Presbyopia Correction through Monovision LASIK
PRESBYOPIA CORRECTION (MONOVISION)
Virtually everyone over the age of 40 is affected with age-related farsightedness, and need to use glasses for reading. Monovision is an alternative for those who are affected by myopia, hyperopia, and astigmatism, simultaneously with presbyopia. It is used to describe a treatment arrangement where one eye is treated for distance vision, and the other one for near vision. Although the LASIK procedure has greatly advanced over the years, it is limited in that only one permanent prescription can be put in the eye. It has not yet reached the point where a distance prescription and a reading prescription can both be applied, like bifocals glasses do. Monovision is a visual concept that works well for most, but not all presbyopic patients. Before a decision is made about proceeding with monovision, you may be asked to undergo a monovision trial with soft contact lenses. The goal of this trial is to simulate what your vision would be like after monovision laser vision correction. The trial should give you a good indication of whether monovision is a treatment arrangement that will suit your needs. Monovision works by completely correcting the dominant eye so that it is focused on distant objects, while leaving a small amount of nearsightedness in the non-dominant eye, in order to allow for near vision. The result is that the dominant eye is better focused in the distance and the non-dominant eye is better focused for near, and when both eyes are used together, reading and distance vision should be comfortably usable. Monovision will enable the patient to see reasonably well for both distance and up close, without the need for glasses for routine activities, such as reading price tags, menus, and cell phones.
ADJUSTING TO MONOVISION
During the early few weeks, your vision may not have adjusted to the new changes and you may not appreciate the full effect of monovision. Both eyes should be used together for monovision to adjust fully. You should not cover one eye at a time. You may experience blurry distance vision, and the eyes may fatigue very easily while reading. Some patients may complain of double vision, dizziness, nausea, and blurred vision, but this discomfort is normal in the early stages. These symptoms are not an indication that you have made the wrong decision. You may be prescribed spectacles during this time to help the vision until the eyes adjust fully. Often, this adaptation period can take 1 to 3 weeks, and symptoms usually decrease to nothing over 3 months.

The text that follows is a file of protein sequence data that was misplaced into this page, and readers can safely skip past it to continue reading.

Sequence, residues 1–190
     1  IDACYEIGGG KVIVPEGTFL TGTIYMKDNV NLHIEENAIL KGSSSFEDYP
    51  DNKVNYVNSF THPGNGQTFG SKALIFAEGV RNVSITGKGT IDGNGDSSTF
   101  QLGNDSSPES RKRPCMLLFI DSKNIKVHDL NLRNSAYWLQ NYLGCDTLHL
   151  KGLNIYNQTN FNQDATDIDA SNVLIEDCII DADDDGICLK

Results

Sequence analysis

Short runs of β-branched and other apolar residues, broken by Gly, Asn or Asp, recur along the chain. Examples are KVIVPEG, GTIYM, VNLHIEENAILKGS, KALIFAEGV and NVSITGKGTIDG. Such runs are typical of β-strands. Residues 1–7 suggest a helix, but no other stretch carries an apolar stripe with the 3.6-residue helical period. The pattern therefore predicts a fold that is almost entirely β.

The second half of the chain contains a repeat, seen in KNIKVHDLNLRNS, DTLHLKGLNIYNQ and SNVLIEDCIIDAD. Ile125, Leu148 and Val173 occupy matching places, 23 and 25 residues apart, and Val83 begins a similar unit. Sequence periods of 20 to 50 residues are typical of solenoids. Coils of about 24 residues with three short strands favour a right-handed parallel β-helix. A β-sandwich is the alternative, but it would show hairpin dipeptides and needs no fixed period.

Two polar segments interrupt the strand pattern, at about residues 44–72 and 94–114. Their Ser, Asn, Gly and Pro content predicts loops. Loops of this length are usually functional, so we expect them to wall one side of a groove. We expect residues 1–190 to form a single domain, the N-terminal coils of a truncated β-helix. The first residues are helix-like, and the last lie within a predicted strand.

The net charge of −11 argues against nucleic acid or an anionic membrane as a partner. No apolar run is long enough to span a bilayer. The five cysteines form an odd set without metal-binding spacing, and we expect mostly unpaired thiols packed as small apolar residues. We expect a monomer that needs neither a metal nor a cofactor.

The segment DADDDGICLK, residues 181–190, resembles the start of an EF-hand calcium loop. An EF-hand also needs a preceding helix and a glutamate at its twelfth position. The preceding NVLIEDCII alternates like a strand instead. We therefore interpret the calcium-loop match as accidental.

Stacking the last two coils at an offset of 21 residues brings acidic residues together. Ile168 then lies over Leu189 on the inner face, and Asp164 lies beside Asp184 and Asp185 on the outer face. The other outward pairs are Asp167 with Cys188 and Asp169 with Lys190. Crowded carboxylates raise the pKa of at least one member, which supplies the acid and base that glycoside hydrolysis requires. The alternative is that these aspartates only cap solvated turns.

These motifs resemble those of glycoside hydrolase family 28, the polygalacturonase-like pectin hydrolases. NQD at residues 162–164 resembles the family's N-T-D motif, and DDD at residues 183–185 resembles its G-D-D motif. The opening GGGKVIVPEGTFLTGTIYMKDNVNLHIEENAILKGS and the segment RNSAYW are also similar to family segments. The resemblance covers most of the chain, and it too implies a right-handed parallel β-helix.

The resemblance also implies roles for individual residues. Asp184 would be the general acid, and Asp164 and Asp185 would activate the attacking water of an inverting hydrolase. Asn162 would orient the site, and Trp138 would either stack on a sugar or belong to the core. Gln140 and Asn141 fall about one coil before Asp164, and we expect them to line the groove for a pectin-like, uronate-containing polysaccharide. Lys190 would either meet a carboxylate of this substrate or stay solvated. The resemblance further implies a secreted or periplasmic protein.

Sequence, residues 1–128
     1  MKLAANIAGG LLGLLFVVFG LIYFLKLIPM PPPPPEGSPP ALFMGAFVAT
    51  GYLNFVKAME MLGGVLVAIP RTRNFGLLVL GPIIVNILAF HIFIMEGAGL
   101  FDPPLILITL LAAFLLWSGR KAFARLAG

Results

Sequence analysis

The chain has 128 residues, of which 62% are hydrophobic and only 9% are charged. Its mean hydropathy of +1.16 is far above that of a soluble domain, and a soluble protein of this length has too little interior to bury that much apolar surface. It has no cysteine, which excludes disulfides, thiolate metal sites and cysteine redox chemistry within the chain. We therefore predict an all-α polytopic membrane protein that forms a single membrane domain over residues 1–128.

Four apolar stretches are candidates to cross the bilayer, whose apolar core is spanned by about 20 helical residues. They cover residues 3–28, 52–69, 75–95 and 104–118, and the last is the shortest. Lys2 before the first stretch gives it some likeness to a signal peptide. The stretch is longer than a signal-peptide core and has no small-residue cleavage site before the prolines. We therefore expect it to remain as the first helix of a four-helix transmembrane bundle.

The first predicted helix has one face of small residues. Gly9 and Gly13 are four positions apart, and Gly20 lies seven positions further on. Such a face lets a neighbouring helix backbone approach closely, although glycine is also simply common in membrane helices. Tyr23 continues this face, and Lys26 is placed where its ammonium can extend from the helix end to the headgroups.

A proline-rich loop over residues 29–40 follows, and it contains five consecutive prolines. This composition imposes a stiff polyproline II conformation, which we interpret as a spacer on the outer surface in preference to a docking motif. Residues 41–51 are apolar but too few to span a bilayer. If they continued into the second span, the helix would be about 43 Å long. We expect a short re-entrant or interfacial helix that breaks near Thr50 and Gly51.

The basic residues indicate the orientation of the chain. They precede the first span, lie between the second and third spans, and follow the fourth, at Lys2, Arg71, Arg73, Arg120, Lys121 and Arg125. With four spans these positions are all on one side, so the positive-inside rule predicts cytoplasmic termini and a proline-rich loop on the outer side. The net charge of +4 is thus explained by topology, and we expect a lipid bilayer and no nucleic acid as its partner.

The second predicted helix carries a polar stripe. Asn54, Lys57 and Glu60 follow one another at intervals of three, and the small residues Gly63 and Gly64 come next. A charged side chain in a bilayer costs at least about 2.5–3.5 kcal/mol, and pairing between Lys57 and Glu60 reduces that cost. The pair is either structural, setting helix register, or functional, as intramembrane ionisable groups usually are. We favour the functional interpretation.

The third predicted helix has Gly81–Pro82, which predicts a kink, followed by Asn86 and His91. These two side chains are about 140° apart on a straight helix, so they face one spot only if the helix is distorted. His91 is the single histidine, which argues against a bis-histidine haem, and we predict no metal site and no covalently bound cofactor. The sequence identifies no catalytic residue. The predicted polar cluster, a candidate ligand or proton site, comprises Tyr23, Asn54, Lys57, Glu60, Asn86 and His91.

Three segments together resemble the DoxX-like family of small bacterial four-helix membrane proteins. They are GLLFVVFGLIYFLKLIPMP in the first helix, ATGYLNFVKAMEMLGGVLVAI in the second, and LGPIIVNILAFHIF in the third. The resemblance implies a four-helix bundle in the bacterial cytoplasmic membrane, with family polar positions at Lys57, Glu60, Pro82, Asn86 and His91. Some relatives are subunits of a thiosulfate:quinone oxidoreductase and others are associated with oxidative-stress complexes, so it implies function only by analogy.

SOME FACTS ABOUT MONOVISION
Undergoing monovision LASIK is advantageous in many aspects given the conveniences in everyday activities, but it also has drawbacks. It is a compromise and there may be instances when a pair of glasses will be of benefit. The distance vision may not be perfect, especially at night or in dim light, as one eye is better focused for near. Monovision typically works well for near activities for short periods. Reading for long periods may tire the eyes more easily. It can also affect depth perception slightly, so monovision is not recommended for pilots, taxi drivers, or anyone who has a license to drive commercial vehicles.
MONOVISION CAN STILL REQUIRE THE USE OF SPECTACLES ON OCCASION
Typically, patients do not need driving glasses for daytime. While driving at night however, you may need driving glasses to correct the mild myopia in the non-dominant eye. In instances when patients need to read or do craft work for long periods of time, reading glasses may help to prevent tiring. Using these glasses on occasion will not affect the eyes or alter the result of the vision correction.